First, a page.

March 28, 2005

Opening the Papacy to New Ways of Thinking

Washington Post

By Sidney Callahan

Sunday, March 27, 2005; Page B02

In the face of death, Pope John Paul II's iron will is giving him the strength to suffer courageously. But even this most determined of pontiffs won't be able to stave off the inevitable: the church's need to choose a successor, an event that millions of Catholics anticipate with both anxiety and hope.

There's been vigorous debate about the papacy for more than 1,000 years, and as this pontificate nears its end, there are no signs of a cease-fire. At this point, Roman Catholics can agree that the bishop of Rome should hold the office of pope and exercise churchwide leadership. But beyond this minimum, they disagree over what needs to be changed and what should stay the same.

The prospect of electing a new pope brings up crucial questions: What makes a good pontiff? What are popes for? Will the papacy even continue to be a going concern over the next millennium? ...

The priest sex abuse scandal here in the United States revealed the institutional weaknesses in the American church and the urgent need for change. Good institutions operate on the ethical principles of accountability, separation of powers, due process and public disclosure. But the current church is too centralized; bishops, appointed by the pope, must answer to Rome on all matters. This has led to weakness, timidity and too often an effort, in the sex abuse scandal, to sweep the truth under the rug. What a difference it would make if the church reinstated the ancient practice of electing bishops, allowing the priests and people of a diocese to choose their own leaders.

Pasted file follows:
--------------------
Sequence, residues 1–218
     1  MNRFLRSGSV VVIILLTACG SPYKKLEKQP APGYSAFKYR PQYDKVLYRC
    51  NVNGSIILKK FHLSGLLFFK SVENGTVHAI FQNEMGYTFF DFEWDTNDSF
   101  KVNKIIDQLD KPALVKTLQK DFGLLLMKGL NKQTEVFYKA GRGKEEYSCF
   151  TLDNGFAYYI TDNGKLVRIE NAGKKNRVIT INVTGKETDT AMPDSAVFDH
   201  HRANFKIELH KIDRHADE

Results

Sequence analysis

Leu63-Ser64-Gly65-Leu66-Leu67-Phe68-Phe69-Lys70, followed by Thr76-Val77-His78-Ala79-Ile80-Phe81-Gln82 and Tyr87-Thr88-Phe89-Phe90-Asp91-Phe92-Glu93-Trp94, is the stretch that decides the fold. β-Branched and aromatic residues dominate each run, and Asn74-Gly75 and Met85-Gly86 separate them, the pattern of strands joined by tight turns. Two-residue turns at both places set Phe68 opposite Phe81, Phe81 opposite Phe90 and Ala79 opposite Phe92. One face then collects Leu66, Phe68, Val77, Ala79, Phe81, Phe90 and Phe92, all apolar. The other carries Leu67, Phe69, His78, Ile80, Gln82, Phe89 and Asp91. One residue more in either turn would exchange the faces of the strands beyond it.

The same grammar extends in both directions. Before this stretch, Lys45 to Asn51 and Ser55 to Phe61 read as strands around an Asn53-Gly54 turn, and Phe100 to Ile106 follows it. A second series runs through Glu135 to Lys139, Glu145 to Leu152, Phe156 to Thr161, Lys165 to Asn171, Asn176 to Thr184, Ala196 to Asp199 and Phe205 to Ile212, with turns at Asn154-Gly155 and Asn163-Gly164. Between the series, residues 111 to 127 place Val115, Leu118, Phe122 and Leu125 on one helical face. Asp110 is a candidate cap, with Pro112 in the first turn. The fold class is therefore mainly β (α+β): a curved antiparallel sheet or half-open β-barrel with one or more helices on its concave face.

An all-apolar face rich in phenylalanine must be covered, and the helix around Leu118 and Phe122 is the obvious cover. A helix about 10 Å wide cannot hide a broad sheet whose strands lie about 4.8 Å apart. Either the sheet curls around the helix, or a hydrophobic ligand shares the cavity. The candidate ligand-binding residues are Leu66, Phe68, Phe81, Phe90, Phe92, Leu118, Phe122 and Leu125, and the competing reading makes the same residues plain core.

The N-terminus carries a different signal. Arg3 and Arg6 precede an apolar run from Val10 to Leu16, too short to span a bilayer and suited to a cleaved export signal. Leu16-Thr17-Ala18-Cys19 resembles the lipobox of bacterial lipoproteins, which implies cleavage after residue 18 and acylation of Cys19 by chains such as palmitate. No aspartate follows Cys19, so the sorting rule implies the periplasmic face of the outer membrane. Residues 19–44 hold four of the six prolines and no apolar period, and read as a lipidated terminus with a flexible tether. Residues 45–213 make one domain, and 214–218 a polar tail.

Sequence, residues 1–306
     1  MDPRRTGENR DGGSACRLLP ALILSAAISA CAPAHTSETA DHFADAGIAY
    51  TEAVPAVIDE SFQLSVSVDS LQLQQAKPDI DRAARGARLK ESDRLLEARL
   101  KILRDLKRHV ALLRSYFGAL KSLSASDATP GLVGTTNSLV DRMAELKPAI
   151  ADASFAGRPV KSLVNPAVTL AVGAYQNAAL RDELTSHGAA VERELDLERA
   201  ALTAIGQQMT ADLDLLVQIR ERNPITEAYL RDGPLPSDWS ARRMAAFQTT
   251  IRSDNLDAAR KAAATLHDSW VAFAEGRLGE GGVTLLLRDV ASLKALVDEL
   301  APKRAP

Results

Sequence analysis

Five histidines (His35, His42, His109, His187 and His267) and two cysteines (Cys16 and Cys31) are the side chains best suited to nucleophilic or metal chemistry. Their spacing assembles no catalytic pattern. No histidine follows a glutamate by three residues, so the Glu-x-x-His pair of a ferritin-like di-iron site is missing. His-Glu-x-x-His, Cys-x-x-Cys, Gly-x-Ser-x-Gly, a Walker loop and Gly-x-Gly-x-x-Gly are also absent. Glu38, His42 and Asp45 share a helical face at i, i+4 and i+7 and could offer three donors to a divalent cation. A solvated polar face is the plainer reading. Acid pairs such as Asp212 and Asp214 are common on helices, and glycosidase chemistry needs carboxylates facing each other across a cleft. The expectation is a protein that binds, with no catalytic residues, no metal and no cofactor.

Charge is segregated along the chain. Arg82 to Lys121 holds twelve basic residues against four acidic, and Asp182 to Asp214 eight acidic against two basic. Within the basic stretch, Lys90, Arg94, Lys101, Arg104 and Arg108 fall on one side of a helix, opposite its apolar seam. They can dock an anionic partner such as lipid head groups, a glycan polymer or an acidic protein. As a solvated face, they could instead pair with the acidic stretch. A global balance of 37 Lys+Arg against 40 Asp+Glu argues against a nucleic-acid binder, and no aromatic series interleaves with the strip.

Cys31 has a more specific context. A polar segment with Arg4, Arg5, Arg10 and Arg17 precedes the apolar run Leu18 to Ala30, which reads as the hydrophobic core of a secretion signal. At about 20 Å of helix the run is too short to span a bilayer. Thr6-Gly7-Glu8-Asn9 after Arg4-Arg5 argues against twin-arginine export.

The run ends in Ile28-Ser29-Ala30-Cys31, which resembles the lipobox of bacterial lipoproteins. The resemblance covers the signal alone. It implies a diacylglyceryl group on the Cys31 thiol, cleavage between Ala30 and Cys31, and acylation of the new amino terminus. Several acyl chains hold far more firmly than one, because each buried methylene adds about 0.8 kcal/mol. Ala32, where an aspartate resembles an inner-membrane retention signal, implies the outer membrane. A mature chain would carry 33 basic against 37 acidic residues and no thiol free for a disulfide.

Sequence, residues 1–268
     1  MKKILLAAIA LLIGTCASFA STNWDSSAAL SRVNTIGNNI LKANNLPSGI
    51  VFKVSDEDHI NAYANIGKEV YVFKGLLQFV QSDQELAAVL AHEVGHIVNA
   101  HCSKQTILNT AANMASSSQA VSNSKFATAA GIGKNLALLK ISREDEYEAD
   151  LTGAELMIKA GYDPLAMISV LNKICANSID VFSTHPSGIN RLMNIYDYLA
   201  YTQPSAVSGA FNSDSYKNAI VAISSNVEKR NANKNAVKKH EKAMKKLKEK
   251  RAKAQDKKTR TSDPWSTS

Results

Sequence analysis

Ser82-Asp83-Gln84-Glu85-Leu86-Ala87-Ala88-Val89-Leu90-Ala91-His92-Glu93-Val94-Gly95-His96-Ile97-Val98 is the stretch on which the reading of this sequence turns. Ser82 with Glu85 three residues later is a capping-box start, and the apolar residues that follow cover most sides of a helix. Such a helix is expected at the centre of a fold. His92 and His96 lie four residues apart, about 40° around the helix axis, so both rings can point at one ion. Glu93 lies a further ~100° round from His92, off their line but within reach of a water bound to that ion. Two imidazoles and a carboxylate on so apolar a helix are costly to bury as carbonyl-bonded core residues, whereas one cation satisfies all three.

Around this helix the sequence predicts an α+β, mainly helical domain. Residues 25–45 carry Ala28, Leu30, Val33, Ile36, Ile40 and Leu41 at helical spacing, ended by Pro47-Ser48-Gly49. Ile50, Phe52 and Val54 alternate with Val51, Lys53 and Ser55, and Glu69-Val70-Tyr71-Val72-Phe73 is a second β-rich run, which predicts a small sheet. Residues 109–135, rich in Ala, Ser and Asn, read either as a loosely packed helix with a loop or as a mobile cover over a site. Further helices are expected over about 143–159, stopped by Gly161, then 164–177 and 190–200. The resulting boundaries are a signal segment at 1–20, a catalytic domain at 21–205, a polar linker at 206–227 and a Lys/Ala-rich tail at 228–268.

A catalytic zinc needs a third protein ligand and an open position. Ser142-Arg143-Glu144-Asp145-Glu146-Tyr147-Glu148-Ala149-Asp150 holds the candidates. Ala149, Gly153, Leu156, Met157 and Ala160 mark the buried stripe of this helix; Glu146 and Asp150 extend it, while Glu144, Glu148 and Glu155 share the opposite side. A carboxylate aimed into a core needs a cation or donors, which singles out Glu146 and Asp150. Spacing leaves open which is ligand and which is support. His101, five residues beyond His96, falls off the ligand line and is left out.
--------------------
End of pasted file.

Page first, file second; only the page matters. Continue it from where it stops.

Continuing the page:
In the wake of the sex abuse scandal, loyal lay Catholics have offered to help the bishops improve their management practices, but the church today resists advice from the laity. The consent of the governed is an ancient Catholic precept, but one that unfortunately became obscured when monarchies ruled the world. While the church advocates that the faithful should participate equally in taking responsibility for all its actions, this teaching has never been instituted in practice. A new pope should move the church forward to complete the reforms in governance and lay participation that were envisioned in the teachings of Vatican II.

Posted by kshaw at March 28, 2005 01:47 AM